Net balance of payments adjustments decreased less than $0.1 billion.

 

Imports of services decreased $0.2 billion to $41.7 billion in March.

  • Transport, which includes freight and port services and passenger fares, decreased $0.4 billion.

 

Goods by Selected Countries and Areas: Census Basis (Exhibit 19)

The March figures show surpluses, in billions of dollars, with South and Central America ($3.2), OPEC ($0.7), United Kingdom ($0.5), and Saudi Arabia ($0.1). Deficits were recorded, in billions of dollars, with China ($26.0), European Union ($11.1), Germany ($5.9), Japan ($5.9), Mexico ($5.2), South Korea ($3.0), Italy ($2.4), India ($1.7), France ($0.9), Brazil ($0.2), and Canada ($0.1).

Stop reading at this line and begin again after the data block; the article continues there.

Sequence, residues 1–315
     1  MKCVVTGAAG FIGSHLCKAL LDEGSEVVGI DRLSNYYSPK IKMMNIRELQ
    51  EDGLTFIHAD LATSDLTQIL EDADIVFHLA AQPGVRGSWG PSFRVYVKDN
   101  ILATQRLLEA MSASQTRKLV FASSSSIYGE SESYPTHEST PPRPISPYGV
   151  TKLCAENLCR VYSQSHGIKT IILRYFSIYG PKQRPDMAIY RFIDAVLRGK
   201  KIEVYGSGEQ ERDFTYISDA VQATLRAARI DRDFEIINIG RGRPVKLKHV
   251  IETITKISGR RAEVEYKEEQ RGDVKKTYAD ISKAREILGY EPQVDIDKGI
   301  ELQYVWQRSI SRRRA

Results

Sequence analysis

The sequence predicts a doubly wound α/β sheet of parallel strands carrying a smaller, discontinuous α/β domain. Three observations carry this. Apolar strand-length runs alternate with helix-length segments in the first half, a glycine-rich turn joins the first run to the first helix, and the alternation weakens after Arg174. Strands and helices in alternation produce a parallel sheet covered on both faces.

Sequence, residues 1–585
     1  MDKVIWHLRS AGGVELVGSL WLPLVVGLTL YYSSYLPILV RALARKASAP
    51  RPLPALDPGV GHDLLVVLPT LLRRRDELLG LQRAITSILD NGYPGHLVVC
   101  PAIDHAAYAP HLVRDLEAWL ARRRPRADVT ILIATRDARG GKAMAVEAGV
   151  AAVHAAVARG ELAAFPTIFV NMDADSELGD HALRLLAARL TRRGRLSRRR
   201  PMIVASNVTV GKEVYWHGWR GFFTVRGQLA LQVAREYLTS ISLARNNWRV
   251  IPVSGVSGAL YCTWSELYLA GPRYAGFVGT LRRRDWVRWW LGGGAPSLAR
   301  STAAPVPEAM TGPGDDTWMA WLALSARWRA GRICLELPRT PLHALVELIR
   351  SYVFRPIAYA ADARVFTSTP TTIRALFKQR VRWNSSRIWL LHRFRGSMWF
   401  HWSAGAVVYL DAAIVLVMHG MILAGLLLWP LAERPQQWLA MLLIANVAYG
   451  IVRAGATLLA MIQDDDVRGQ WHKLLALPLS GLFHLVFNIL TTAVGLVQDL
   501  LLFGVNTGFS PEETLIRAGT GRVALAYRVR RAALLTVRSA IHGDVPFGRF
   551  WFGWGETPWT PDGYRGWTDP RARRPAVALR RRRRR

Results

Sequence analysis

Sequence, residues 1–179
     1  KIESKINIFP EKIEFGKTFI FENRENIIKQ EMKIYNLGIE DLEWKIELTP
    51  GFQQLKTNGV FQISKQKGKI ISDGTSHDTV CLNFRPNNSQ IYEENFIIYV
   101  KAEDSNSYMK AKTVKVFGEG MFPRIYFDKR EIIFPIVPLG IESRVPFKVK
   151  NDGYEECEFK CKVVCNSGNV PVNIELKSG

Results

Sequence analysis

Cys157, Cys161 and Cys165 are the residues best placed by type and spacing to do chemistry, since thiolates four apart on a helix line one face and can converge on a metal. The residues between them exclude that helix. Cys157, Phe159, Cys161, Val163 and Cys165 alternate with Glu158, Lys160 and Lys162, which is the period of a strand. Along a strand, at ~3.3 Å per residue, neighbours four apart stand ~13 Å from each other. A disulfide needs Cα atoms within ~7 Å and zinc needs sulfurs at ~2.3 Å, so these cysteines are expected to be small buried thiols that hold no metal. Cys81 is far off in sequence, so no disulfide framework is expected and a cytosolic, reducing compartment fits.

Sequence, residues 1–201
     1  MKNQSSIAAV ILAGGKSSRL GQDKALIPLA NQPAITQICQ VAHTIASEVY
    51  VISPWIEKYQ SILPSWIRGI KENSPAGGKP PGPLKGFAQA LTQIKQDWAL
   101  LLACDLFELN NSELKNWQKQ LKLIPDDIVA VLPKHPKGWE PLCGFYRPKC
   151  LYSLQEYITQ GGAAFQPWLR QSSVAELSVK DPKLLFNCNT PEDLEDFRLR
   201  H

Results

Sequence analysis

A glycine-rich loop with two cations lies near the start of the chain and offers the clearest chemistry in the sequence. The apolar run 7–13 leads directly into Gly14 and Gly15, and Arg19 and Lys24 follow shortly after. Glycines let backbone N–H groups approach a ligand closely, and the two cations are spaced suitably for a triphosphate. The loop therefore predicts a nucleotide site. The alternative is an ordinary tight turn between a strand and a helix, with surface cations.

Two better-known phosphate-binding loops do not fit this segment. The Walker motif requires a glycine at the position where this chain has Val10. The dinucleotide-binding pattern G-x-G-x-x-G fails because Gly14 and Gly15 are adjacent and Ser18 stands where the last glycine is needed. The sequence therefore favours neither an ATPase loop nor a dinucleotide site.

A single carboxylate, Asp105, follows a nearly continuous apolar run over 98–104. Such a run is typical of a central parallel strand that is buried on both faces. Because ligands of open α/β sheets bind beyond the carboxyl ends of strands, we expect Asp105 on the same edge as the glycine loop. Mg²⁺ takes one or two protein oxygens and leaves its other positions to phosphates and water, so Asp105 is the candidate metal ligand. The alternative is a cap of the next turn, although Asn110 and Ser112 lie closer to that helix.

• The deficit with China decreased $6.2 billion to $26.0 billion in March. Exports increased $0.1 billion to $8.5 billion and imports decreased $6.1 billion to $34.4 billion.
  • The balance with the United Kingdom shifted from a deficit of $0.5 billion to a surplus of $0.5 billion in March. Exports increased $0.6 billion to $4.8 billion and imports decreased $0.3 billion to $4.4 billion.
  • The surplus with Saudi Arabia decreased $1.2 billion to $0.1 billion in March. Exports decreased $0.9 billion to $1.4 billion and imports increased $0.3 billion to $1.3 billion.

 

NOTE: All statistics referenced are seasonally adjusted; statistics are on a balance of payments basis unless otherwise specified.

 

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ACE Export Reports in a Nutshell

Written by: Theresa Gordon, Trade Ombudsman, International Trade Management Division